UBC Theses and Dissertations
Organisational issues in the implementation of municipal geographic information systems Shapira, Daṿid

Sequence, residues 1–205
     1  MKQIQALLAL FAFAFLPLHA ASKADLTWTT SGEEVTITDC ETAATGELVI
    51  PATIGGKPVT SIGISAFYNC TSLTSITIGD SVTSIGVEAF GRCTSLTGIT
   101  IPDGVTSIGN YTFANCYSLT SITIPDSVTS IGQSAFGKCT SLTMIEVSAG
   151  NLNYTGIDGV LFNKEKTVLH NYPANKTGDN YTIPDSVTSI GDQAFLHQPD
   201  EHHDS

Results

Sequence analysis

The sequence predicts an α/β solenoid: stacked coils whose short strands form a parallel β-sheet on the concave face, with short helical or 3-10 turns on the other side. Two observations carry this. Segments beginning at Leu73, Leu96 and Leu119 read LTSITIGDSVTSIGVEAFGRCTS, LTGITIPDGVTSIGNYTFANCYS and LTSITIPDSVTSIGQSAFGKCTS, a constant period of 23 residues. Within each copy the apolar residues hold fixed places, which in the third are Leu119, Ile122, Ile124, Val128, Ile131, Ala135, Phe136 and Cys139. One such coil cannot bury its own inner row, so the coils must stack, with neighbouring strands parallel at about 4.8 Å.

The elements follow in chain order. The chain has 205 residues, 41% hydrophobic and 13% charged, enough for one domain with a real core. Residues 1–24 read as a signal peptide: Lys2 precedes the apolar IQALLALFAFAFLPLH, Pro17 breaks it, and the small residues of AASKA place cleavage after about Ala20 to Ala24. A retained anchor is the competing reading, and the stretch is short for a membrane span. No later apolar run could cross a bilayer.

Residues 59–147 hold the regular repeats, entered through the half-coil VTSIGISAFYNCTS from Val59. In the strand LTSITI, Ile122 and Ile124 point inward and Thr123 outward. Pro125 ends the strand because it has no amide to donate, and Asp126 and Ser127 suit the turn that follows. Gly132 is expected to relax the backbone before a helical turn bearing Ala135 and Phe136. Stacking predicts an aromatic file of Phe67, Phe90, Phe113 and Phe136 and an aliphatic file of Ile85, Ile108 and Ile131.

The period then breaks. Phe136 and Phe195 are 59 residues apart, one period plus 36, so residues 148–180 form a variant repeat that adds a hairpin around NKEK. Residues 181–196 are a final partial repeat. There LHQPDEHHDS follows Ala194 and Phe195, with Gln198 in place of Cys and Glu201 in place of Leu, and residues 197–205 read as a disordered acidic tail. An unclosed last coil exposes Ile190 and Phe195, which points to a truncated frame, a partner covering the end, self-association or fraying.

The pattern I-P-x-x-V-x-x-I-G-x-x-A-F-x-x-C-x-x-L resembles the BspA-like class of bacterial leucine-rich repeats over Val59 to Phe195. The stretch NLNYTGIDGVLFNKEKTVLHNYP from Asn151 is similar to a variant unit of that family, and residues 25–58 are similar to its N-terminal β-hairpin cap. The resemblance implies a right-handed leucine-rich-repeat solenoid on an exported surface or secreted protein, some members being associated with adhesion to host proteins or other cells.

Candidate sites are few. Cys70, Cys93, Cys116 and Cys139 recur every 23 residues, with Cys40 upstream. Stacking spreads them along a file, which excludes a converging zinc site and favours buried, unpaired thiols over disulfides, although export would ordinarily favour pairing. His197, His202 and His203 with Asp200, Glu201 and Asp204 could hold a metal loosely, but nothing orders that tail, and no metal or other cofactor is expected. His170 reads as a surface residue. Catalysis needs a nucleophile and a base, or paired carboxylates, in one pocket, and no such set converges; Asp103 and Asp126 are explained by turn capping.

GIS represents new ways of collecting, storing, managing, analysing and presenting spatial information related to urban planning. Manual procedures that took hours or even days to complete can now be undertaken in often a fraction of the time. As well, GIS offers planners the opportunity to ask questions and investigate spatial phenomena in ways unheard of in the past. Many of the benefits that GIS holds for the planning field have been recognised. These include the ability to query spatial databases and overlay different types of cartographic information. On a broader scale, GIS allows planners to share information, resulting in reduced duplication, waste and redundancy. These are only a few of the advantages that GIS represents for planners. Ironically, the adoption and acceptance of such systems by planning agencies has not always been wholehearted. Because the technological issues behind the operation of GIS are often quite complex, its functions and capabilities are seldom correctly perceived. Many misunderstandings persist among planners and municipal officials about the capabilities of GIS. There are a great many obstacles to the proper implementation and adoption of a municipal GIS. Technical problems can exist throughout the process, but can usually be surmounted given proper equipment and effective technical support. Still, a vast array of managerial and personnel issues have the capacity to affect the success of a GIS implementation scheme: lack of management commitment, ineffective user training, lack of expertise and awareness of GIS capabilities, and an unmotivated staff. The fact that planning processes operate on a level that tends to be less concrete and dichotomous than GIS can also affect its use and acceptance among planners. This thesis examines some of the key issues raised by the obstacles to GIS implementation, and seeks to underscore the critical nature of those obstacles that are organisational in nature. The main findings of this research can be summarised by three categories of critical issues: (1) organisational issues—solving organisational challenges requires a deeper understanding of how the introduction of technological innovations will affect workflow processes, departmental relations and organisational hierarchy; (2) educational issues—end users and managers require a heightened awareness of geography and the true capabilities of GIS in order to use these systems to their fullest potential; (3) political issues—GIS challenges existing organisational structures by empowering those who can operate GISs and allowing them access to a multitude of information.
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